Download Unity 2022.1 Tech Stream and discover Adaptive Performance 4.0. Push Android performance even further on Samsung devices with four more scalers that cover physics, decals, customization, and layer culling – plus support for visual scripting to optimize app performance.
Unity 2022.1 provides early access to innovative new features that will inform the next Long Term Support (LTS) release. In this verified package, Adaptive Performance 4.0 comes with some great new additions to expand the scaling of your app and enhance its overall performance.
At GDC 2022, we shared the latest updates to Adaptive Performance 4.0 during our talk with Samsung, Unfolding your gaming potential with Galaxy GameDev. Read on for the rundown.
With our visual scripting integration, just about anyone can leverage Adaptive Performance to scale their app and extend battery life. Upon installing Adaptive Performance 4.0, Unity’s visual scripting system will provide units so you can access Adaptive Performance metrics without implementing anything in C#.
In other words, once you install the visual scripting package, Unity automatically activates the Adaptive Performance units. You can then add Adaptive Performance to a project with existing visual scripting graphs, but you must recompile the units. For a detailed demonstration and best practices, check out the Adaptive Performance sample documentation.
As Unity regenerates Adaptive Performance units, you can add new units to your graph by right-clicking the background of any script graph. Go to the Adaptive Performance submenu to locate the units.
Particles in Boat Attack
Here’s an example of how to use Adaptive Performance in visual scripting. The image below represents a slice of Boat Attack, where all particles are disabled on “throttling imminent” and enabled if there are no warnings present. We scale effects such as water waves splashing, boat engine smoke, and paraglider trail formation, as they are heavy on the CPU and GPU. This improves performance with minimal changes to the game itself.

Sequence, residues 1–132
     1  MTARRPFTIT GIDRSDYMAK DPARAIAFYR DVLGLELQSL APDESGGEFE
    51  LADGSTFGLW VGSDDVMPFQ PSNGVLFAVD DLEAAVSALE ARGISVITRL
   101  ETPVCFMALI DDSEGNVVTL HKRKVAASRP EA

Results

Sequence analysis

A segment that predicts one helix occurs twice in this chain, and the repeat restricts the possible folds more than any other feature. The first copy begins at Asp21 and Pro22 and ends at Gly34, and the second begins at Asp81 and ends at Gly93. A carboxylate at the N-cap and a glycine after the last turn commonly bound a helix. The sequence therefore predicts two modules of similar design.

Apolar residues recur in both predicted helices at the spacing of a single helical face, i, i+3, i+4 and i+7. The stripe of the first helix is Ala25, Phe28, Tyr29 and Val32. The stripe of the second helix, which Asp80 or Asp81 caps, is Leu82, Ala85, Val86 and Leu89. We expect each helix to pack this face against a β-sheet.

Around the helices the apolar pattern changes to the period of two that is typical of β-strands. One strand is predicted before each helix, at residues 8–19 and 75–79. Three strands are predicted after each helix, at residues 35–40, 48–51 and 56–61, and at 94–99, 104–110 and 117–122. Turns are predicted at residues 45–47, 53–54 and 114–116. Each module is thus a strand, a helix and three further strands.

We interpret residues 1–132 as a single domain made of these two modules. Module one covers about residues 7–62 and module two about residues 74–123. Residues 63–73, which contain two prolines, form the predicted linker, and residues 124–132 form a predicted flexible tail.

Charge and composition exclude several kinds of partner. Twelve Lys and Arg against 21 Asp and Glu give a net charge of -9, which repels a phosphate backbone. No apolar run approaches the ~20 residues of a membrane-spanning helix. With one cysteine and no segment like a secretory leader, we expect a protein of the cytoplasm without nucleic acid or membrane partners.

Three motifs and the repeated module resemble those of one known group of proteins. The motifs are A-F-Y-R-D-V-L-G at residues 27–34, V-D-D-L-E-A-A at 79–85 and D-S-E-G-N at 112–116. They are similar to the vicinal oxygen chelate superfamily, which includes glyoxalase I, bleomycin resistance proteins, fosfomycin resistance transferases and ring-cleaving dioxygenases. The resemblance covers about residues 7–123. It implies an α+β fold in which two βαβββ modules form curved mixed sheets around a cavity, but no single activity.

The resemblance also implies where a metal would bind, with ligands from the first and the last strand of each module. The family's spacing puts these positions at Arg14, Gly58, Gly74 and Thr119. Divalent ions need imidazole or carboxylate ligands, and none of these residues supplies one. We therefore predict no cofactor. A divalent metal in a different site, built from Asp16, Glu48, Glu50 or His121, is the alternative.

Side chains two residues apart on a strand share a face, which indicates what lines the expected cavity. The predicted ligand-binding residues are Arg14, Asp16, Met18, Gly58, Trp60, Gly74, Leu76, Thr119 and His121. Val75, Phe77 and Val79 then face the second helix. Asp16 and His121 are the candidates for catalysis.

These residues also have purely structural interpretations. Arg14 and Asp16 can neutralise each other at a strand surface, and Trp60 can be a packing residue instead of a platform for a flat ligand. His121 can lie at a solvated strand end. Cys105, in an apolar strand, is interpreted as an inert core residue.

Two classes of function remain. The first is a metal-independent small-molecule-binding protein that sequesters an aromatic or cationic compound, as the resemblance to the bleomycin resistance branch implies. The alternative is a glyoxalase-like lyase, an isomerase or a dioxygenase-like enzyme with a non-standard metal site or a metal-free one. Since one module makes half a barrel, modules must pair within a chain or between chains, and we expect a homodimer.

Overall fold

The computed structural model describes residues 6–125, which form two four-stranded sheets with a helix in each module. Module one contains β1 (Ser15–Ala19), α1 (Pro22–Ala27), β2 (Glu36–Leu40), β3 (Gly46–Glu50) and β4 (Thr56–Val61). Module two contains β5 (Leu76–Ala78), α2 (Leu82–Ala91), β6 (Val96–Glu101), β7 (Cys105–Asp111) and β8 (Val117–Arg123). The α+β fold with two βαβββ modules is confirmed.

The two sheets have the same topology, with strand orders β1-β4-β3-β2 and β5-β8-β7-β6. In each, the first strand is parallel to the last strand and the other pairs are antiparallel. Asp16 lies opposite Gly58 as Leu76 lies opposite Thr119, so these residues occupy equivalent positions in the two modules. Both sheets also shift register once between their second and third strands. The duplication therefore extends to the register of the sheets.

Whenever there is a thermal warning change, we get the Particle System to iterate over it, then stop the Particle System or restart it again. Of course this can be adjusted to the needs of the game. For instance, instead of disabling the effects completely, you can scale the emitter numbers or the quality of the source images.
All Adaptive Performance APIs are reimagined in visual scripting. A full list of APIs and their related information can be found in the visual scripting integration documentation.
In addition to the many scalers already available, we added four new scalers to Adaptive Performance 4.0:
The benefits of the indexer system, and all the scalers built on top of it, include:
The custom Adaptive Performance Unity Profiler module shows you how scalers change so you can see if they’re doing their job well or if you need to tweak them. The example below comprises Boat Attack running on a Samsung Fold3 in unfolded mode, which uses a rather high resolution.
Boat Attack starts off with plenty of scalers engaged by the menu scene, which was stabilized before the capture was done. In this example, the temperature rises quickly and the device goes into throttling.
Adaptive Performance tries to stabilize the situation and reduce effects on the GPU, as this is clearly the bottleneck. The shadow scalers thereby reduce quality rapidly – but because that’s not enough, both the view distance and resolution decrease as well. The frame rate then stabilizes and the temperature drops. The game is rescued from throttling and its frame rate raises to 60 fps.